White Paper

Protecting Satellite Image Integrity from Radiation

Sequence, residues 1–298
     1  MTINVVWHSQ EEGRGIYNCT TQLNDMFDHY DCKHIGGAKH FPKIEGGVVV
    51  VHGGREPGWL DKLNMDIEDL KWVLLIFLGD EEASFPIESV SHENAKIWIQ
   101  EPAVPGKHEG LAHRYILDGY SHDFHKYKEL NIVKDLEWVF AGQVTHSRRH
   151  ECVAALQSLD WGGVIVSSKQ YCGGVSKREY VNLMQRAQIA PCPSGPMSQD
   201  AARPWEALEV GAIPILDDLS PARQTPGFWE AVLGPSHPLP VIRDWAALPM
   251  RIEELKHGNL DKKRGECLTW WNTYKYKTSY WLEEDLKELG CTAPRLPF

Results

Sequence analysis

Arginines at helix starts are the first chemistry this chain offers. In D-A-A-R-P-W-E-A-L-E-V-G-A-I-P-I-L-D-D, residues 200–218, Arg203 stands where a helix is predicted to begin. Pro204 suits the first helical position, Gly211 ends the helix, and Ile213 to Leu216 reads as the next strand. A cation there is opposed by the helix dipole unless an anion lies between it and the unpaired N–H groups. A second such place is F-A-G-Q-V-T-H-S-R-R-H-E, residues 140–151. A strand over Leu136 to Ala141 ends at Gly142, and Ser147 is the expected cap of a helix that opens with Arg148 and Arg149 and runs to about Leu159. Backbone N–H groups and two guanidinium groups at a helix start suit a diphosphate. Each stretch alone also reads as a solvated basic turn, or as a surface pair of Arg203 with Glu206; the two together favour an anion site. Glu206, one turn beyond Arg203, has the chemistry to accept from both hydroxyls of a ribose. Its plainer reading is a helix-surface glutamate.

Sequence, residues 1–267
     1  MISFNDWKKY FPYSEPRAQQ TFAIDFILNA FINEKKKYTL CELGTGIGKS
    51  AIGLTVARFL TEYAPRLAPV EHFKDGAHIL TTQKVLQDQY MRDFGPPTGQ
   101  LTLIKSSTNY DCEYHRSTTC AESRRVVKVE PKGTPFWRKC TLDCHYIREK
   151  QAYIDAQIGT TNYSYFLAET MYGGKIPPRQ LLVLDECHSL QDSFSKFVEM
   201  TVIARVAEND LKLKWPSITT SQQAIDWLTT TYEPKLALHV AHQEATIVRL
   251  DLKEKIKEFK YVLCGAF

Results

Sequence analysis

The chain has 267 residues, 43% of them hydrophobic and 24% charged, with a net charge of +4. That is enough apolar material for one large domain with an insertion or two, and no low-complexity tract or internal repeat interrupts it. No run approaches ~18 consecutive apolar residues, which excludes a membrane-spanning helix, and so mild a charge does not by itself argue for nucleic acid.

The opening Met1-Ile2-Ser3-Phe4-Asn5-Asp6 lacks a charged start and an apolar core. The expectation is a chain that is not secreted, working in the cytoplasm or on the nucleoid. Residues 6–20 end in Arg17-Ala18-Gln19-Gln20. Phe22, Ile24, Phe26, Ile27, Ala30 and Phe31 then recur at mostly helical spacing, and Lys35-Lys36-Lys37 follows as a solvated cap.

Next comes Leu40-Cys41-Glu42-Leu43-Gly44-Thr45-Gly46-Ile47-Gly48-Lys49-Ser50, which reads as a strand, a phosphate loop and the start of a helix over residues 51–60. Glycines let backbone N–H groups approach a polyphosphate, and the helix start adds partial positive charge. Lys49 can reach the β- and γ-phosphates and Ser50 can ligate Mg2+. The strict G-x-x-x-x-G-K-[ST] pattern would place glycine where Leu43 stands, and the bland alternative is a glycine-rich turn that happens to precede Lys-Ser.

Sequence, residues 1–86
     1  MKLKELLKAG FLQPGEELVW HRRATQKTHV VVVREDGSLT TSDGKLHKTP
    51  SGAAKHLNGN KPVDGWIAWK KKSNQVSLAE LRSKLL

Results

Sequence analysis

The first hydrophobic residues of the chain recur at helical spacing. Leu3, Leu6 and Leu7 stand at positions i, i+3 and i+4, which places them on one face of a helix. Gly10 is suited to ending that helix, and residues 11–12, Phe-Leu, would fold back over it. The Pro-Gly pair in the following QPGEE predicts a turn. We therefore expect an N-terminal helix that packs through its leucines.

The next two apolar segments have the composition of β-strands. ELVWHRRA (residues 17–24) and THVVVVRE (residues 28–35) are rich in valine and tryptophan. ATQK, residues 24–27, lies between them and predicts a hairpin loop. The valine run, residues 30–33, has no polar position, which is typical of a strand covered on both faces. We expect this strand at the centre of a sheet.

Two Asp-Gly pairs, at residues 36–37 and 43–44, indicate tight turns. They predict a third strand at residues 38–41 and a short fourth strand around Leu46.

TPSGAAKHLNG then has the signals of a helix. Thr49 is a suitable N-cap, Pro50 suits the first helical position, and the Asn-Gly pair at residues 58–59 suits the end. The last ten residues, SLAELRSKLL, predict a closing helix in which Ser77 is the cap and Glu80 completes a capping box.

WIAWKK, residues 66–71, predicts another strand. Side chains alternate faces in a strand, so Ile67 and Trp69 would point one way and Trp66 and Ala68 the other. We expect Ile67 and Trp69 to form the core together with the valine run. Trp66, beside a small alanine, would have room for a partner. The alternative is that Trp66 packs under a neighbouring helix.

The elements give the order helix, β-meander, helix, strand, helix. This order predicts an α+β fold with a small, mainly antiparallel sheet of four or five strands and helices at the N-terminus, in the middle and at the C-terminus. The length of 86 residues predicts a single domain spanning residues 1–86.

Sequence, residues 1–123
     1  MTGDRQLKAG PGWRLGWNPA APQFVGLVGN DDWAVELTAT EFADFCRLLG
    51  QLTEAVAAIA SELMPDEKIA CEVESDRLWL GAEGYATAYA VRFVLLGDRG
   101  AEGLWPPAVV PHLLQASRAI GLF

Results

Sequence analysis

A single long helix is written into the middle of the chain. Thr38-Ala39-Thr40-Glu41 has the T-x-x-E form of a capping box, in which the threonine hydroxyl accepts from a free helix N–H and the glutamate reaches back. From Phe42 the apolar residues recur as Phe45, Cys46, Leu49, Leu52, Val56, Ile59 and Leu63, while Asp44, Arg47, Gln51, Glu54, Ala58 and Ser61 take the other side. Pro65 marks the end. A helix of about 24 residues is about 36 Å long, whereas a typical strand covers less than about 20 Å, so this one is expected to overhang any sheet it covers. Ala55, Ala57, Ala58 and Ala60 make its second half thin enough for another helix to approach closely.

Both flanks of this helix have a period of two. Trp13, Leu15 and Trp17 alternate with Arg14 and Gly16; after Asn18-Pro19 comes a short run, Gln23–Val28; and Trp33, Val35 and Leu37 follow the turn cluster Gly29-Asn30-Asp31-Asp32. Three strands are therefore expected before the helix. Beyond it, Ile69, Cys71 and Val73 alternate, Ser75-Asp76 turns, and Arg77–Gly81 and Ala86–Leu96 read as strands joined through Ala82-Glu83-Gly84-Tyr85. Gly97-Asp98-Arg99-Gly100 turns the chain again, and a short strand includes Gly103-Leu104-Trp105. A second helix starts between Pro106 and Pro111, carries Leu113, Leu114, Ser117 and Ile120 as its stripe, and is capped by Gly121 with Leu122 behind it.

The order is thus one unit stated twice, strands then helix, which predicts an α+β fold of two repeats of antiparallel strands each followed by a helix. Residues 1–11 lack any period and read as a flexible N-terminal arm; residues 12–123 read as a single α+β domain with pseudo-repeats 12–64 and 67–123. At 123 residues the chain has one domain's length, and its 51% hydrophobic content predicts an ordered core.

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WHITE PAPER Rad-tolerant storage mrcy.com 2 INNOVATION AT THE SPEED OF MERCURY Today 's space imaging systems inform decision-makers in defense, intelligence and agriculture, while expanding scientific insight across a host of disciplines. Sensors continue to improve the resolution of their images with an exponentially increasing volume of pixels, providing more valuable details. At the same time, satellite designs are enabling very sophisticated imaging applications on smaller and smaller platforms. Landsat 1, launched in 1972, weighed 1,800 kg and was a hand-crafted device. Currently, constellations of imaging satellites are being launched with sizes as small as 100 kg, built using off-the-shelf components. These two factors — huge numbers of image pixels and very small orbiting platforms — are driving the demand for major improvements in future space-based data storage. Satellite designers need solutions that provide vastly more capacity while being smaller, lighter and able to operate reliably for years in a high-radiation environment. Mercury has accelerated the technologies of tomorrow with purpose-built innovation, creating a growing family of radiation-tolerant data storage subsystems. They combine rad-tolerant components with advanced error checking and correction (ECC), packaged in lightweight, standards-based, flexible form factors. This family of drives represents a long-term commitment by Mercury to support applications at the forefront of space technology. THE NEED FOR A LEAP IN RAD-TOLERANT STORAGE Going back to the days of Landsat 1, low earth orbit (LEO) satellites are the most useful and common platforms for space imaging. They deliver low-latency communications to Earth with a substantially better signal strength, when compared with geostationary orbit (GEO) satellites, at a relatively lower overall cost. Fast-moving LEO satellites make 12 to 16 circuits around Earth each day, meaning sensor data gathered over an area of interest must be stored on the satellite until it has line-of-sight communication with a system ground station and can download captured images. Various factors affect the data size of a stored satellite image; for example, is it color or monochromatic? However, the most significant factor is resolution, generally expressed in terms of the area size on the Earth's surface represented by a single image pixel. Thirty-five years ago, 60 m 2 per pixel represented a high-resolution satellite image. Today, that high- resolution parameter is 30 cm 2 , meaning an image of the same location on Earth is now incredibly more detailed but requires 40,000 times the amount of data storage. Imaging programs must somehow keep up. Deployment in space involves more challenges than just supplying vast amounts of storage capacity. Subsystems must be rugged, much like electronics in a weapons system, able to withstand the shock and vibration of a launch and then operate reliably in very cold temperatures for the life of the imaging mission, often as long as five years or longer. Our beautiful planet Earth, home to almost 8 billion humans, faces a complex set of problems that threaten all of us. From massive deforestation in remote regions to nuclear weapon development by despotic regimes, these threats must be understood in detail if we are to effectively resolve them. Imaging from space delivers many of those details, with increasing clarity every year. At Mercury, we are applying our experience and expertise to support advanced imaging missions with the latest space technologies and create a safer, more secure world.

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